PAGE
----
Commodities are the raw materials of our world, the natural resources we use to build the things we need and use. Throughout human history, man has exploited our world’s natural resources to improve the quality of human life. Futures traders trade principally in commodities (and in currencies, though that’s not the topic of today’s post). Futures markets allow commercial users to mitigate the risk of fluctuating commodity prices and provide a means for futures traders and investors to profit from those price risks. If you’re going to trade in commodities, you should know a little about them both practically and historically.Our global economy is built on three basic types of commodities, the principal players in the futures market:
- Agricultural products. We use agricultural products to feed and clothe ourselves.
- Metals. We use metals to build tools and weapons to improve our existence and protect ourselves.
- Energy. We use energy — coal, gas, oil, etc. — to warm our homes and power our factories.
The history of commodities parallels the history of mankind and development of civilization. Man’s survival and development are tied to his ability to harness natural resources. Throughout history, civilizations and nations have thrived or perished based on their ability to cultivate agricultural products, develop metals and harness energy. In fact, the early ages of man — the stone age, the bronze age, the iron age — are defined by man’s ability to utilize increasingly complex natural materials to make tools and weapons. Survival depended on man’s ability to process increasingly complex metals in order to compete against and/or trade with his neighbors.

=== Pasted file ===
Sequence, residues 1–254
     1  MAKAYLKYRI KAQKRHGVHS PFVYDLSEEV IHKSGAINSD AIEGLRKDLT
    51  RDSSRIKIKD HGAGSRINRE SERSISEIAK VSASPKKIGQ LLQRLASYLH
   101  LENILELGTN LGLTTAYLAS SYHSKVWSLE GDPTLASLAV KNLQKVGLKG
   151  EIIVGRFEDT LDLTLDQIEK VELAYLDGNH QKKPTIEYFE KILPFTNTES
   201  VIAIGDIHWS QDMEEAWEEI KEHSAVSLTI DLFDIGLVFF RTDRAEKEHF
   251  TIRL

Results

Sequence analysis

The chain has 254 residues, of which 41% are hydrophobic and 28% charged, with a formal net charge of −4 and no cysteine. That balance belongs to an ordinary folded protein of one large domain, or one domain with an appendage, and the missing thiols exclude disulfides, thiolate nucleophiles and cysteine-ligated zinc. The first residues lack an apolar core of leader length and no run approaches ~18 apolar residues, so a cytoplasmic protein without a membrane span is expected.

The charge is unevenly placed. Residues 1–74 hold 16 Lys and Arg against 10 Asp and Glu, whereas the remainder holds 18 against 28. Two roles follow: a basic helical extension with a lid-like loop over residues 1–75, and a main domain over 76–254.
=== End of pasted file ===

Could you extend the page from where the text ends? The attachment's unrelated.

Nations have been founded and civilizations destroyed over the control of natural resources. In 1524, Francisco Pizarro’s Spanish conquistadors destroyed the entire Inca civilization in a vicious campaign to corner the South American gold market. In the late 1800’s, the British fought the bloody Boer War over control of South Africa’s gold and diamonds. The Persian Gulf War precipitated by Iraq’s invasion of Kuwait was essentially fought to stabilize global oil markets. Global economists and environmentalists predict that the world’s next great war will be fought over control of essential natural resources — water and arable land — made scare by the effects of global warming.
Throughout history, the fate and wealth of nations has been dictated by the presence and control of natural resources. This will not change and presents opportunities from which savvy futures traders can profit.
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